Coal blocks allocation arbitrary, says parliamentary panel

Wants probe into screening committees’ decision-making process

April 23, 2013 03:18 pm | Updated November 17, 2021 04:37 am IST - New Delhi

A parliamentary committee probing irregularities in coal block allocation has held both the NDA and UPA governments responsible for the "abuse of power."

A parliamentary committee probing irregularities in coal block allocation has held both the NDA and UPA governments responsible for the "abuse of power."

The Union government had abused power and handed out natural sources to a few fortunate ones without following a transparent system, the Parliamentary Standing Committee on Coal has said. It demanded an investigation into the screening committees’ decision-making process in coal blocks allocation and penal action against those involved in such arbitrary process.

In a report on the ‘Review of allotment, development and performance of coal/lignite blocks,’ tabled in Parliament on Tuesday, the committee, headed by Trinamool Congress member Kalyan Banerjee, concluded that the coal mine allocations from 1993 to 2010 were unauthorised and illegal, and sought the scrapping of all the mines that had not started production yet.

“The most non-transparent procedure was adopted from 1993 to 2010 for allocation… The government cannot give largesse at its arbitrary discretion or sweet will. It is surprising to note that [for the period] between 1993 and 2004, no data was maintained by the Ministry of Coal in respect of the number of applications received… and only the minutes of the Screening Committee [meetings] held to consider… the application of a particular company were made available…” The report noted that since the committee concluded that the entire process was unauthorised, none should enjoy the benefits of illegal auctions. Therefore, all coal blocks allotted — at least wherever production was not started — should be cancelled immediately. The committee felt that there was a “wilful” delay on the part of private firms in developing the blocks, and the review/monitoring committees ignored the question of end-use projects, giving credit to the perception that the entire exercise was not objective and transparent.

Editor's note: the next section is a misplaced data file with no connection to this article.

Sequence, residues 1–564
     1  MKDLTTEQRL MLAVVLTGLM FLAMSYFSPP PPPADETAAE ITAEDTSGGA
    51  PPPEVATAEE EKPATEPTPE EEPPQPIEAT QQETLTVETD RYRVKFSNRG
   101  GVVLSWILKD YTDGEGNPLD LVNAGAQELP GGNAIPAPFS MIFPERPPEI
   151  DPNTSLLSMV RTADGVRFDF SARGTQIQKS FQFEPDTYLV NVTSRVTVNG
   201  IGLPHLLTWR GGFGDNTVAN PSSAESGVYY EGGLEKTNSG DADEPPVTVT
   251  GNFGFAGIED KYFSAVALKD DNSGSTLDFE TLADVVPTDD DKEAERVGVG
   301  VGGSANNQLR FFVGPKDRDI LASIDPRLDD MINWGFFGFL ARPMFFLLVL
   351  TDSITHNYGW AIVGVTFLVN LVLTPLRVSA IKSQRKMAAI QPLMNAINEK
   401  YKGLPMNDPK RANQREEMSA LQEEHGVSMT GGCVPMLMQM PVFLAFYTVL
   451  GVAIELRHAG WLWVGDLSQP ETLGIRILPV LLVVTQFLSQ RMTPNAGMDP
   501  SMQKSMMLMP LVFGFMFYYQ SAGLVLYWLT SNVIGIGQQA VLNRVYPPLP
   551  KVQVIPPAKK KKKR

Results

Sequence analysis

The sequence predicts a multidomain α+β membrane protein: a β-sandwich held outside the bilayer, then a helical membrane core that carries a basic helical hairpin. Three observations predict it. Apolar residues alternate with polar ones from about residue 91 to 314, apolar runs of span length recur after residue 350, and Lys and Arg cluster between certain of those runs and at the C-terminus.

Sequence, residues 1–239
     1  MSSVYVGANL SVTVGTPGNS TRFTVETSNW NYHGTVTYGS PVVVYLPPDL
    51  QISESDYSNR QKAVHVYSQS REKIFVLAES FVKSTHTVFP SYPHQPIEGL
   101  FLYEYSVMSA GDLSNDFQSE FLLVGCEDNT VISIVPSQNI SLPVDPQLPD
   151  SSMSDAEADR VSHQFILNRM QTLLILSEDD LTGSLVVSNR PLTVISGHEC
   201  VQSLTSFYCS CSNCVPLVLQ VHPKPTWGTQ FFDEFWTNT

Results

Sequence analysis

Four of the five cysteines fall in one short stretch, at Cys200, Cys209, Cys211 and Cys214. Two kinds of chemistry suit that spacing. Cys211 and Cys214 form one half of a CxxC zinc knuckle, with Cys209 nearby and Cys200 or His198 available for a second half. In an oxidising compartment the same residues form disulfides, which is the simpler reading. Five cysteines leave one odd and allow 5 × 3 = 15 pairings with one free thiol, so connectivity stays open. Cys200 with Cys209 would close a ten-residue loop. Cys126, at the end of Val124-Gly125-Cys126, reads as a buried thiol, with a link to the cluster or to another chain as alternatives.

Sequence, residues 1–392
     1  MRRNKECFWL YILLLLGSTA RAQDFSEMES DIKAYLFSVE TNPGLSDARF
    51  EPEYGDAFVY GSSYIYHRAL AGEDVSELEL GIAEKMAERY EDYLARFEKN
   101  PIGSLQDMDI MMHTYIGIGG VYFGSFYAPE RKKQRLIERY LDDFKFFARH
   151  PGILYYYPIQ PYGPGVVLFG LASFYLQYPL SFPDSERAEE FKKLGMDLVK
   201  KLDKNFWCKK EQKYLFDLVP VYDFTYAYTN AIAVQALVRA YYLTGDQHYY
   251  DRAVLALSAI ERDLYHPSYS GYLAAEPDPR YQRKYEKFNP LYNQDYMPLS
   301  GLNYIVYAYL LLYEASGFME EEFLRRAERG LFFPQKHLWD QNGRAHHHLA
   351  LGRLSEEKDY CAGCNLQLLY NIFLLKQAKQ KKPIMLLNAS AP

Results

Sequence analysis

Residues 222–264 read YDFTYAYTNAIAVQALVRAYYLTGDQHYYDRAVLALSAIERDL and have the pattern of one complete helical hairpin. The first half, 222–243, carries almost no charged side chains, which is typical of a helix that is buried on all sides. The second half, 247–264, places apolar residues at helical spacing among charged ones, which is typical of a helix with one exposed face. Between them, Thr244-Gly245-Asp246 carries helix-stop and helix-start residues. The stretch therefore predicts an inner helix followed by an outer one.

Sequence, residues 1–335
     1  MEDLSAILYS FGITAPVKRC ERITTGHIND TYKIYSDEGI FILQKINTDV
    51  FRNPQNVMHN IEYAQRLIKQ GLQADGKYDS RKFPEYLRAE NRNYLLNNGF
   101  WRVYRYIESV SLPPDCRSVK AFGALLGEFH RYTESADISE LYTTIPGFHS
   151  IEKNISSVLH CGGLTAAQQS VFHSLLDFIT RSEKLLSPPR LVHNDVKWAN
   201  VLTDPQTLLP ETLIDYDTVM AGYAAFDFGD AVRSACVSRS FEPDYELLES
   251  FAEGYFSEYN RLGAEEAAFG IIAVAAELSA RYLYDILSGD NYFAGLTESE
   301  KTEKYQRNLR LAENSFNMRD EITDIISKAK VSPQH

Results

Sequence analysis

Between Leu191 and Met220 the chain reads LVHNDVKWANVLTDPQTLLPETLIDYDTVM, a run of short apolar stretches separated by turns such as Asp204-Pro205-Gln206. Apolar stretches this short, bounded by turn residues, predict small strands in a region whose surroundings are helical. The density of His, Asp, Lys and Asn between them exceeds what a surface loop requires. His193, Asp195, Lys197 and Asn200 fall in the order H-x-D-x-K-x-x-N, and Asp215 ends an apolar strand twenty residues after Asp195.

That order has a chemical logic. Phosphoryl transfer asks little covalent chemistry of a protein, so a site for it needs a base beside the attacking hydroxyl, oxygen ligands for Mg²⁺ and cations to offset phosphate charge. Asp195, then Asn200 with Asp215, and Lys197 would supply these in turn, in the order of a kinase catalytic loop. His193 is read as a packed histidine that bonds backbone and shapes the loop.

Pointing to the delay in the development of blocks by private firms, the committee sought an explanation from the Ministry and a list of companies that were allotted mines without any end-use project. “Out of the 195 coal blocks allocated so far for captive-mining, 30 have started coal production, and out of the 160 captive coal blocks allocated during 2004-2008, only 2 have started production.”

The committee said it was surprised to find that though 195 blocks with 44.23 billion tonnes of reserves were allotted, the government made no estimate of the value of the coal extracted. It wanted a proper mechanism introduced for correct evaluation. It blamed the delay in the development of blocks on the monitoring committee’s lackadaisical approach. Though the screening committee to identify and approve the allottees was headed by the Secretary (Coal), the Inter-Ministerial Group (IMG), constituted to review the allocations and recommend de-allocation of coal and lignite blocks, was headed by the Additional Secretary (Coal).

On the IMG’s recommendation, the government has so far de-allocated 21 mines given to private firms, while bank guarantees were forfeited or deducted in the case of 19 blocks.

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